Hydropower, biomass and geothermal energy groups urged Congress to extend a tax credit that will expire next year, joining the solar and wind industries in saying jobs will be lost without renewable-energy subsidies.
The National Hydropower Association and the Geothermal Energy Association, both based in Washington, and the Biomass Power Association of Portland, Maine, in a letter today said the “looming expiration” of the credit is already causing a decline in construction.
“Failing to extend these tax incentives will effectively bring these projects to a grinding halt and undermine the progress our industries have made,” the groups, whose members include Ormat Technologies Inc., a Reno, Nevada-based unit of Ormat Industries Ltd. in Yavne, Israel, and Covanta Holding Corp. in Morristown, New Jersey, wrote to congressional leaders.
Geothermal-energy projects, which use earth’s underground heat to produce power, can take four to eight years to build, according to the letter. Hydropower and biomass facilities also take several years to construct.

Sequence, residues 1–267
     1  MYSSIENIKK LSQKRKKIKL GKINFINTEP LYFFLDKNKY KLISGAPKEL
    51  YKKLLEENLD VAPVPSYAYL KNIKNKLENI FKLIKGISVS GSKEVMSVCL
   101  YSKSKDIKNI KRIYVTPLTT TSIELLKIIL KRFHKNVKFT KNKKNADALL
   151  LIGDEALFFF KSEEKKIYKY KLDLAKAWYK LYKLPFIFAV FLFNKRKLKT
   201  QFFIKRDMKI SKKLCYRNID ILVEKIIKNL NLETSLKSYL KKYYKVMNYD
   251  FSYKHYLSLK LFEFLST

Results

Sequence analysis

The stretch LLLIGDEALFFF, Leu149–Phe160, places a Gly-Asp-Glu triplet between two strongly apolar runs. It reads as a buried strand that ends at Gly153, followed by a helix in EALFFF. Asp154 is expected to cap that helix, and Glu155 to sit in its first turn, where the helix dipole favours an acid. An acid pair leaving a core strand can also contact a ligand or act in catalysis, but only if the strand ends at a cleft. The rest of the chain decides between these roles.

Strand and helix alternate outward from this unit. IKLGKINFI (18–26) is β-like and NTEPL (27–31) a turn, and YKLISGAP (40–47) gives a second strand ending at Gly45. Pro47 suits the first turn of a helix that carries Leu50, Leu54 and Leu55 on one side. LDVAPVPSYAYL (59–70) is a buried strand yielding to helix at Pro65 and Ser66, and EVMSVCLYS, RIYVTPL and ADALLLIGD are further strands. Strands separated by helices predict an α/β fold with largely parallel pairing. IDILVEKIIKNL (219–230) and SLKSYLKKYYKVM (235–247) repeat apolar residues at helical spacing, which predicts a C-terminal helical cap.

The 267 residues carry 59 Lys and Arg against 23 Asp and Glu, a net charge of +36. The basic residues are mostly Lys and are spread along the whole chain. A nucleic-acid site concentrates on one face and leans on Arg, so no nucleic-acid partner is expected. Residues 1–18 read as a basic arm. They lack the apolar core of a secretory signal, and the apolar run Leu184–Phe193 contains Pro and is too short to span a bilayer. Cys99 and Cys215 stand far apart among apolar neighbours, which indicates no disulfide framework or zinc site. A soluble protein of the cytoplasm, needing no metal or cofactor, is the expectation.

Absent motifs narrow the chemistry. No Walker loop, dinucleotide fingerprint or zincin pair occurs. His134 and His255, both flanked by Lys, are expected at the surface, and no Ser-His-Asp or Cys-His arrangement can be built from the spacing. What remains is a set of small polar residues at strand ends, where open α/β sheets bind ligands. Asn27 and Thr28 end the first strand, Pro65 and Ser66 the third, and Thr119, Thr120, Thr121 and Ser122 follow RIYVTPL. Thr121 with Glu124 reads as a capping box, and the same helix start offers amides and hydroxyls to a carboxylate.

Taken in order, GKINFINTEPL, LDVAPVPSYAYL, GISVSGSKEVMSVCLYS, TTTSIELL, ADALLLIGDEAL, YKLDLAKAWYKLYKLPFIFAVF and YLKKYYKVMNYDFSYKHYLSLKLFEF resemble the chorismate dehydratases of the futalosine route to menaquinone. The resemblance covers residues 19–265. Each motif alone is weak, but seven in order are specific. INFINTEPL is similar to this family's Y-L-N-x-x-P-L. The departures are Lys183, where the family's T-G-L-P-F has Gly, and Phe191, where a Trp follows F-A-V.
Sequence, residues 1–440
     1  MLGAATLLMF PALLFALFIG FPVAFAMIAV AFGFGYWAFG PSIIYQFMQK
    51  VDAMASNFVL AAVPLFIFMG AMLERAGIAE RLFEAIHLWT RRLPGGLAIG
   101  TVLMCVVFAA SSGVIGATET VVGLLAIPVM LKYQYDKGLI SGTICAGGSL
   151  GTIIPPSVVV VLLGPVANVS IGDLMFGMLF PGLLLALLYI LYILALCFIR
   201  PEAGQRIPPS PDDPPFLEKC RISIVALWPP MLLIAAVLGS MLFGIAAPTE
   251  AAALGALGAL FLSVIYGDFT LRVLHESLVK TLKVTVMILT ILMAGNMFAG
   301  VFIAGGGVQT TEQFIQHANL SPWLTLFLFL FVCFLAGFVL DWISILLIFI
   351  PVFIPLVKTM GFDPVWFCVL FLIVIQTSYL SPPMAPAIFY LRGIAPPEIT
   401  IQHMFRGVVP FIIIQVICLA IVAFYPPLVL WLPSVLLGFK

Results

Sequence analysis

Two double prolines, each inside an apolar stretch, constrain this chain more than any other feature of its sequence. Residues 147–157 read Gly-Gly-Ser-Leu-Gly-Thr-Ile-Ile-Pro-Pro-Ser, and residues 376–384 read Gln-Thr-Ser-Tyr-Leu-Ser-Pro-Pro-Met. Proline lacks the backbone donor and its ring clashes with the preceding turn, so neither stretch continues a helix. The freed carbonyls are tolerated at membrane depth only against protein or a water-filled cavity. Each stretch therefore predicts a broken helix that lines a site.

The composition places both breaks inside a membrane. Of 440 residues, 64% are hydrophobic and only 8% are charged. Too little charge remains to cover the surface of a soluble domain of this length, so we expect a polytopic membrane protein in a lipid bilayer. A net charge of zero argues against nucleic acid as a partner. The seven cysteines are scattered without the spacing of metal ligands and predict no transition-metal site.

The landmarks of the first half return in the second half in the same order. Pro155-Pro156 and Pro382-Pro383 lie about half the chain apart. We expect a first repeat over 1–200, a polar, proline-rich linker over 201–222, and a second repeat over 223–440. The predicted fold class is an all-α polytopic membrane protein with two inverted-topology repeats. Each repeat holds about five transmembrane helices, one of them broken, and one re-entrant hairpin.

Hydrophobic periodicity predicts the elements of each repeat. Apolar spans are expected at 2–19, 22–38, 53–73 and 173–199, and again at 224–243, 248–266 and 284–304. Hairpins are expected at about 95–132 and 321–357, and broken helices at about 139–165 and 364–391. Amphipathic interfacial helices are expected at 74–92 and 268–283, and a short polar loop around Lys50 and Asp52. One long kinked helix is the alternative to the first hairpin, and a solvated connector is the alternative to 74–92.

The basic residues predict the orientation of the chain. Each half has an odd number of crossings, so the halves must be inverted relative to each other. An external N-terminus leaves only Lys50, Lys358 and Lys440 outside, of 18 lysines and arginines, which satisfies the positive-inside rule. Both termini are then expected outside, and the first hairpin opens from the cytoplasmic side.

Extending the credit, which is set to expire at the end of next year, through 2016 will create jobs and increase the amount of clean energy produced in the U.S., the groups said.
The American Wind Energy Association in Washington is lobbying Congress to extend a tax credit that expires this year. The Solar Energy Industries Association, also in Washington, wants lawmakers to revive a Treasury Department grant program that ended last year.